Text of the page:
A recent book acquisition making waves on both sides of the Atlantic is Faridah Àbíké-Íyímídé’s debut novel Ace of Spades, publishing this summer with Feiwel & Friends in the United States and Usborne in the UK. It was snapped up by an agent and sold for more than a million dollars. The pitch? Gossip Girl meets Get Out. ‘How can you play the game when the cards are stacked against you?’ It tells us everything we need to know: the setting and characters (an elite school) and the theme (race and privilege). I cannot wait to read it.

The final thing I’d note about high-concept fiction is its singularity. I didn’t Google any of the one-line premises or loglines I’ve included here; I wrote them from memory. A decent high-concept story can usually be described in a similar way by many readers, because it is so singular in its vision. It’s rare that the plot of a famous 1980s high-concept movie (‘a robot is sent back in time to kill the leader of the Resistance before he is born’) would be described as ‘a love story about a man sending his father back in time to impregnate his mother, while they’re hunted by a robot’. Both of those are about Terminator, of course. But you’d have to be very contrary to try and pitch the second!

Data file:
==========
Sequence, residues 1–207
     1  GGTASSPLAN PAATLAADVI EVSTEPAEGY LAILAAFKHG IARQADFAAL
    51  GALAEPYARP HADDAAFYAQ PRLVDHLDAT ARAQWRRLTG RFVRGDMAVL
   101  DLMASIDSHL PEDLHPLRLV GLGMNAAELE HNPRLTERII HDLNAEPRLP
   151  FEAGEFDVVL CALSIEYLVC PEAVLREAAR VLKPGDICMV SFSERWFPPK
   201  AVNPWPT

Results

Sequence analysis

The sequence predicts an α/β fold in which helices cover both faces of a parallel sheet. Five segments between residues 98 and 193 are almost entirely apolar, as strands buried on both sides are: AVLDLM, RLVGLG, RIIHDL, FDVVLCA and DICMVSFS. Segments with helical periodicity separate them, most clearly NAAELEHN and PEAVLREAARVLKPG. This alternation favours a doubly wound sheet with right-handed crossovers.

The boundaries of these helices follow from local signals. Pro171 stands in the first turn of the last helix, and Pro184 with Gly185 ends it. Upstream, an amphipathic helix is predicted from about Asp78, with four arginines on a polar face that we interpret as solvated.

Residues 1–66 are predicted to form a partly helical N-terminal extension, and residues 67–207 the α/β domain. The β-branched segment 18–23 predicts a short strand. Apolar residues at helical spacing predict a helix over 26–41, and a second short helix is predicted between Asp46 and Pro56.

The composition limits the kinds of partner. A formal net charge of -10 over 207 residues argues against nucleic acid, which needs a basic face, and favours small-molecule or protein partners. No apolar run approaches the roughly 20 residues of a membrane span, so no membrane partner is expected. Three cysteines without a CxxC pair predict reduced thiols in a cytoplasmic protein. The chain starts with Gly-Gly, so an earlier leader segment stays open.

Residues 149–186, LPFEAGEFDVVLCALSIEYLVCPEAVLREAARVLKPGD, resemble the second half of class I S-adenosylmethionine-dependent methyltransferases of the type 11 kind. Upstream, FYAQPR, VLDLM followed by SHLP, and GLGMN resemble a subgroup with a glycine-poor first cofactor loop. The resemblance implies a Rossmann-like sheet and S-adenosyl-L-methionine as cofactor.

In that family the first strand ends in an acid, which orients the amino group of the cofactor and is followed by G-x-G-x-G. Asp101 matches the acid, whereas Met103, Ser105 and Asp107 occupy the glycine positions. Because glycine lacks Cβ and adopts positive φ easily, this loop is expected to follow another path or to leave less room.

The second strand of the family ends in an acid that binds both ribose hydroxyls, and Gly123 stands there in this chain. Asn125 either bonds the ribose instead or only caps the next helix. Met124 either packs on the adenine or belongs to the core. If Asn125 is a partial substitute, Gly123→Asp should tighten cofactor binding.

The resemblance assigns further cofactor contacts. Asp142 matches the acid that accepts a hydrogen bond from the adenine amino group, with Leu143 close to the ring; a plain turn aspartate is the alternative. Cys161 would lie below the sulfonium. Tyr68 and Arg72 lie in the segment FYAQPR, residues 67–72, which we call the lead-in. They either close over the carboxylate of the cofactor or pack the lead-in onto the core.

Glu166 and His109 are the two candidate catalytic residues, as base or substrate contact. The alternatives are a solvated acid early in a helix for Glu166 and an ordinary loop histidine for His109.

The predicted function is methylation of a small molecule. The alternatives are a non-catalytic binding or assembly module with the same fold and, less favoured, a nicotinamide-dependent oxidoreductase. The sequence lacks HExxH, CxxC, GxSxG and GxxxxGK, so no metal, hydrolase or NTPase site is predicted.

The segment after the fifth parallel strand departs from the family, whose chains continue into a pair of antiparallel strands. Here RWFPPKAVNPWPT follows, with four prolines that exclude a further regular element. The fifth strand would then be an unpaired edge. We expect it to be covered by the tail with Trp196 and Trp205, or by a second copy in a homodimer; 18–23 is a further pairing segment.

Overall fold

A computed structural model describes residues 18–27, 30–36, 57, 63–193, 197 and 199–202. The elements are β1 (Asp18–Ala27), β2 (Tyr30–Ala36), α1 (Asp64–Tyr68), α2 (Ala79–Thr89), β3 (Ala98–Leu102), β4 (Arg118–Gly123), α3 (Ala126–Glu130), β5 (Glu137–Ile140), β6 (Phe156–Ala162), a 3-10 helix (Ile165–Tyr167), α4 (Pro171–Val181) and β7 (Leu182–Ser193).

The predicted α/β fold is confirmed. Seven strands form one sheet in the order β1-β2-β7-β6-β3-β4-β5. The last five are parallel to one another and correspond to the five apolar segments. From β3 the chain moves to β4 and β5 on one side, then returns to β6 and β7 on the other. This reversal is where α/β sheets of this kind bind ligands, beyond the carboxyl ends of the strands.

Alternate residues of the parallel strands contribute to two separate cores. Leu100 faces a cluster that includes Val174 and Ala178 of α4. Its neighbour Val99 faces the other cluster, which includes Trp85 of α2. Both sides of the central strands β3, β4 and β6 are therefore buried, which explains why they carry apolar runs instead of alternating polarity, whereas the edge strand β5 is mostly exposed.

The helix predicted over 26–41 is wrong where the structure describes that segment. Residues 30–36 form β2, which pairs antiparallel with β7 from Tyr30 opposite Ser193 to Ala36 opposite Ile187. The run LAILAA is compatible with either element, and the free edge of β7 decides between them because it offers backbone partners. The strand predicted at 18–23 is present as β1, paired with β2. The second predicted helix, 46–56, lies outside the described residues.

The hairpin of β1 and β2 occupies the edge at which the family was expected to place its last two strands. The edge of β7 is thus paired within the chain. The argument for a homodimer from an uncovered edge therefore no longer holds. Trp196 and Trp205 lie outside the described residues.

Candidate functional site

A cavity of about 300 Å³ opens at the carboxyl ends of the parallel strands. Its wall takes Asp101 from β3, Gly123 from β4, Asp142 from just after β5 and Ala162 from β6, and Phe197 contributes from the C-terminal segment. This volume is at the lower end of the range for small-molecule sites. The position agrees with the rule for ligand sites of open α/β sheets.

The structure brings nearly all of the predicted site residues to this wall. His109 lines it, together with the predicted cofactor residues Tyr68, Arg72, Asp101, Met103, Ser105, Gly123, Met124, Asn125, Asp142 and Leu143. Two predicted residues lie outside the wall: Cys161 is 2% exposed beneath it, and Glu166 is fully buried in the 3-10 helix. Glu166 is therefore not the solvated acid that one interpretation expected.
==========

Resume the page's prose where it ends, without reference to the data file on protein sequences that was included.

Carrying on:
In summary:

  • Premise first, plot first. Your hook will likely start with a question or setting: ‘In a world where…’ or ‘what if…’
  • Character second – the ‘and then what’ of the pitch.
  • What the characters have to lose, and the natural conflict between them, will define the success of the story.
  • If you’re combining two existing genres or story archetypes, the combination needs to feel fresh.

Happy writing!